You can also connect with other writers at conferences and workshops. Both are useful places to form your own group with likeminded writers. It's useful to have a range of interests and genres represented in your writing group as well as a range of skills. 

Your writing group can serve as a source of inspiration and also potential critique partners. You will also find you can refer each other to useful events and websites as well as get the word out about each other's work.


A writer's platform is their public persona. It includes their online presence on social media, a blog or website, and their contributions to other websites. It can also include classes they teach and speaking engagements. It is basically a springboard for extending the reach of the books and stories they write and engaging with readers.

If you do not have a blog or website, consider starting one now. Considering creating social media pages dedicated to your work as an author. Bring readers along with you on your writers journey.


Finally, the fulfillment of your writing dream - publication. Actually, this is just another beginning. You'll now be doing marketing and discovering that you want to publish yet more stories or books. But who wants fulfilled dreams, right? Isn't the chasing of the dream the whole point?

But, I get ahead of myself. There are two basic ways to publish a novel, self-publishing and traditional publishing. Did I say two? Well, there's hybrid now, too. Where a traditional publisher handles the print books and you retain control over digital publishing. 

With self-publishing, you direct everything, from the writing of the book to the editing, title and cover creation, and the actual publication in print and digital form, usually through an online resource such as amazon. Since you manage it all, the royalty payments are much higher than with traditional publishing. However, your ability to market and distribute your book may not compare to that of a traditional publisher. 

To gain access to the big traditional publishers, you will need an agent. Smaller, regional or niche publishers can be approached directly. Your costs will be lower if you go with traditional publishers, but you will also have less control over your final product and will receive much lower percentages for your royalty payments. However, this can all be offset by the marketing expertise of the publishers and the increased sales. It's up to you to decide.

What have been some of your biggest hurdles for writing and some of your most rewarding experiences?

Monday, November 9, 2020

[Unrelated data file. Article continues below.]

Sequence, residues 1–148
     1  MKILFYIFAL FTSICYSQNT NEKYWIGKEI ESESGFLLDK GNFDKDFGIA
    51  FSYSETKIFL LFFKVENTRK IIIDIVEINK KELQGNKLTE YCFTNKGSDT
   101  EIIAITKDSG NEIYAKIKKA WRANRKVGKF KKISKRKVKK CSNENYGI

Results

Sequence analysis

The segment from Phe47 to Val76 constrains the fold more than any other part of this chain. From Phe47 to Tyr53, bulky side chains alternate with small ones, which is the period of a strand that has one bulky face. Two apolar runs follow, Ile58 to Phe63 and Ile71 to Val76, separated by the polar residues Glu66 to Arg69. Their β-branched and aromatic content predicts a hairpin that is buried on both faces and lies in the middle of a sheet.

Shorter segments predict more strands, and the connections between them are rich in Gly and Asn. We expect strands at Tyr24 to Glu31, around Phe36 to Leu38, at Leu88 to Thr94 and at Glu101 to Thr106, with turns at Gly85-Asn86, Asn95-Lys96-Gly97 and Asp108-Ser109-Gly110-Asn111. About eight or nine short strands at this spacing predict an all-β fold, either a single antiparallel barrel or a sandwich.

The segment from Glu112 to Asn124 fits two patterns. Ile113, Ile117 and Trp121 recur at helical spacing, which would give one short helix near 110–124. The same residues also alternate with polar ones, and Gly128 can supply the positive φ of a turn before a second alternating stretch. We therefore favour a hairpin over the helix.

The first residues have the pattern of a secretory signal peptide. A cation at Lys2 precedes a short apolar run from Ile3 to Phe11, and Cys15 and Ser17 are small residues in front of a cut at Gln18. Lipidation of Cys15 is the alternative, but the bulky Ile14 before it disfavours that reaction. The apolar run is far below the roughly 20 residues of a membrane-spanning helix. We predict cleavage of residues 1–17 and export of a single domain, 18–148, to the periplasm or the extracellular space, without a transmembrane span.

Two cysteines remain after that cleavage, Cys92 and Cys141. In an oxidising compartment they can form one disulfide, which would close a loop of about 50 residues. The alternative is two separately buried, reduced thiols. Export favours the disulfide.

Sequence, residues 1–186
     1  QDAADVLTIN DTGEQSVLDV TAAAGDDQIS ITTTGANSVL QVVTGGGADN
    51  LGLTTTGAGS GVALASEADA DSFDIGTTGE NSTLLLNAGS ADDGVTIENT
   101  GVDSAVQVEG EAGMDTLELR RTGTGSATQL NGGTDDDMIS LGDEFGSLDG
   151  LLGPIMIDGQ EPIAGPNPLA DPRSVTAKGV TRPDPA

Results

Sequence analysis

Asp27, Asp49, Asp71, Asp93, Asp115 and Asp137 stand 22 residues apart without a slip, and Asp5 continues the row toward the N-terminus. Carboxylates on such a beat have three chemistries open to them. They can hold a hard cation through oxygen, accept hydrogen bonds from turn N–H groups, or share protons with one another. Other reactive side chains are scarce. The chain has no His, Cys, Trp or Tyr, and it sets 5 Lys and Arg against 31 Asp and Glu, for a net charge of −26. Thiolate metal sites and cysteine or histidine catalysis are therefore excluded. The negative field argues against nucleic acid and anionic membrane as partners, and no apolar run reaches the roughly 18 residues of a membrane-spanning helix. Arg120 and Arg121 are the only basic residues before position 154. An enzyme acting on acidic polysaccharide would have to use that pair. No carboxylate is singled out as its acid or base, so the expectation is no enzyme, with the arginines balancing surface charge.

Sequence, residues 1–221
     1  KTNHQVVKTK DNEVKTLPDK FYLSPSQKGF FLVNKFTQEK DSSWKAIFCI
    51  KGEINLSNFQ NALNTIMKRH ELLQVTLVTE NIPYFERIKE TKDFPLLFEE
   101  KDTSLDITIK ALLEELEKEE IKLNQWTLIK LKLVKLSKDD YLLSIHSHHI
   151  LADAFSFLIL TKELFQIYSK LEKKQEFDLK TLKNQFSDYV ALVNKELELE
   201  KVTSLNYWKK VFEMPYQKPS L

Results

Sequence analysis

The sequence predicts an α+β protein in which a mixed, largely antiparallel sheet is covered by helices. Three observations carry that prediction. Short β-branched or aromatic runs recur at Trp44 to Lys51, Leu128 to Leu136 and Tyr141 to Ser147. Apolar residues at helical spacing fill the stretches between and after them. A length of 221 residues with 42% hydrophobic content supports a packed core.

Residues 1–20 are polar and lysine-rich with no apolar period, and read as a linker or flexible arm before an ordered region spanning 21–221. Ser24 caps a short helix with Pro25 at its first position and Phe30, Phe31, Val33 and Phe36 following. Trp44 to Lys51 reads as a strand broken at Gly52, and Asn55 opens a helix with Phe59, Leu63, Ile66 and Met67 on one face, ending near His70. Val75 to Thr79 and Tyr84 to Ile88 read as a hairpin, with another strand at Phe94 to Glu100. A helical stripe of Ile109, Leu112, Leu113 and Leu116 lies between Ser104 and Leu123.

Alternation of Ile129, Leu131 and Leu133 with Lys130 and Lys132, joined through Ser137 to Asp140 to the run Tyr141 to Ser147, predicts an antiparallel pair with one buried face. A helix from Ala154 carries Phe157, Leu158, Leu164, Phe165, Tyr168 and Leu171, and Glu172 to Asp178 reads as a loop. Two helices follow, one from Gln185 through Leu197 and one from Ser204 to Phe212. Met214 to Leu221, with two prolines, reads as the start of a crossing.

Three Questions for Some Amazing #mglit Authors

Today, I'm stopping by Middle Grade Minded to share my new YouTube channel, "Three Questions," featuring interviews with some of my favorite creators. I recently had the pleasure of speaking with #mglit author Saadia Faruqi about her work as an interfaith activist, writing for MG vs. early readers and more!

You can also check out my interview with Traci Sorell. Cherokee Nation citizen and award-winning author Traci Sorell writes fiction and nonfiction books, short stories and poems for children. She discusses her work to center contemporary Cherokee stories, her experience co-writing INDIAN NO MORE and her upcoming biography of Mary Golda Ross.

Looking to celebrate spooky stories? I sat down just before Halloween with Lorien Lawrence (THE STITCHERS) and Josh Roberts (THE WITCHES OF WILLOW COVE). They discuss everything from the writing process to their real-life spooky experiences.

Other recent guests include Christina Li (CLUES TO THE UNIVERSE), Jacqueline West (BOOKS OF ELSEWHERE), Heidi Lang (WHISPERING PINES) and many more! For the writers out there, you will also find a growing section of videos on writing and publishing tips. To view all of the interviews, check out "Three Questions."


KIM VENTRELLA is the author of The Secret Life of Sam (Fall 2020, HarperCollins), Hello, Future Me (Aug. 2020, Scholastic), Bone Hollow and Skeleton Tree. Her works explore difficult topics with big doses of humor, whimsy and hope. Kim has held a variety of interesting jobs, including children’s librarian, scare actor, Peace Corps volunteer, French instructor and overnight staff person at a women’s shelter, but her favorite job title is author. She lives in Oklahoma City with her dog and co-writer, Hera. For the latest updates, find Kim online at or follow Kim on Twitter and Instagram.


Sunday, November 1, 2020

Interview with Jeff Rosen, author of CALEY CROSS AND THE HADEON DROP And GIVEAWAY!

I recently had a chance to read author Jeff Rosen's new middle grade novel, CALEY CROSS AND THE HADEON DROP.


Caley Cross has always known she's not a “normal” thirteen-year-old (her ability to create zombie animals was her first clue). Still, she never expected to be whisked off to a faraway world―Erinath―where she is Crown Princess and people have “baests” that live inside them, giving them fantastic, animal-like powers. Which would be cool, except that Caley’s baest turns out to be an ancient monster that can swallow planets. Despite this, Caley manages to make the first friends of her life, Neive Olander and Kipley Gorsebrooke. They help her navigate the Erinath Academy, where students train to compete in the annual―and deadly―Equidium contest, flying giant, dragonfly-like orocs. But to add to her usual (bad) luck, an evil “Watcher” known as Olpheist is seeking her, anxious to retrieve something that will make him immortal. The first in an epic fantasy series from Jeff Rosen that will keep readers laughing and on the edge of their seats.

The Interview

Hi Jeff! Great to read a book from a fellow Maritimer! Before we talk about the book, I need to ask: what made you decide to write a middle-grade novel?

First of all, thank you for the great questions. You actually read Caley Cross!  As a writer, the best thing a reader can do is read your book.